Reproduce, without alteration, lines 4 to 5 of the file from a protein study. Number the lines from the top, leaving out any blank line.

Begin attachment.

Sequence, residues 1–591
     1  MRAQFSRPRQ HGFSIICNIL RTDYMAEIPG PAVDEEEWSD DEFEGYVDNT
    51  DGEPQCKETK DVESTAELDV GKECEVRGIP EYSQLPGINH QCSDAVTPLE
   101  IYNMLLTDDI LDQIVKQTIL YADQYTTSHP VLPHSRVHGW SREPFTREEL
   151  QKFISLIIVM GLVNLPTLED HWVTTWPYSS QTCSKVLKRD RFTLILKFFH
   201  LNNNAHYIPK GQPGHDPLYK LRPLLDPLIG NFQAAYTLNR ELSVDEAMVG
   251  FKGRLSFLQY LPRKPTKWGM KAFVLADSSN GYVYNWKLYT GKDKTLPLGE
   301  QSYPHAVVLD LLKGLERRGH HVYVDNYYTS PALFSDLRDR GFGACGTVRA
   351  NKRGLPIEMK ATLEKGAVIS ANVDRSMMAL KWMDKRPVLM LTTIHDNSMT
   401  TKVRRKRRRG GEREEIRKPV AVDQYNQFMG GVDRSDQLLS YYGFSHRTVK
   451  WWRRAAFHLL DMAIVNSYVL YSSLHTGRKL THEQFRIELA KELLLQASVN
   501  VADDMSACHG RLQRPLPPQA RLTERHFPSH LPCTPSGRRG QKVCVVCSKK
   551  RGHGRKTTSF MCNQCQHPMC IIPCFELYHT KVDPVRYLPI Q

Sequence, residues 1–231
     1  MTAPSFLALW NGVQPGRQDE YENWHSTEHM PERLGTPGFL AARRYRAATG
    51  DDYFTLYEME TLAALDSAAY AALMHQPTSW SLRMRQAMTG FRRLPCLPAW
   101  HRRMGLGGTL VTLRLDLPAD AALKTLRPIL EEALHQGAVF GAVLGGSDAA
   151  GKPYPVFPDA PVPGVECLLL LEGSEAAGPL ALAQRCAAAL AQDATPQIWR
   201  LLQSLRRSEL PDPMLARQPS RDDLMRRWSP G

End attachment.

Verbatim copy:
   101  IYNMLLTDDI LDQIVKQTIL YADQYTTSHP VLPHSRVHGW SREPFTREEL
   151  QKFISLIIVM GLVNLPTLED HWVTTWPYSS QTCSKVLKRD RFTLILKFFH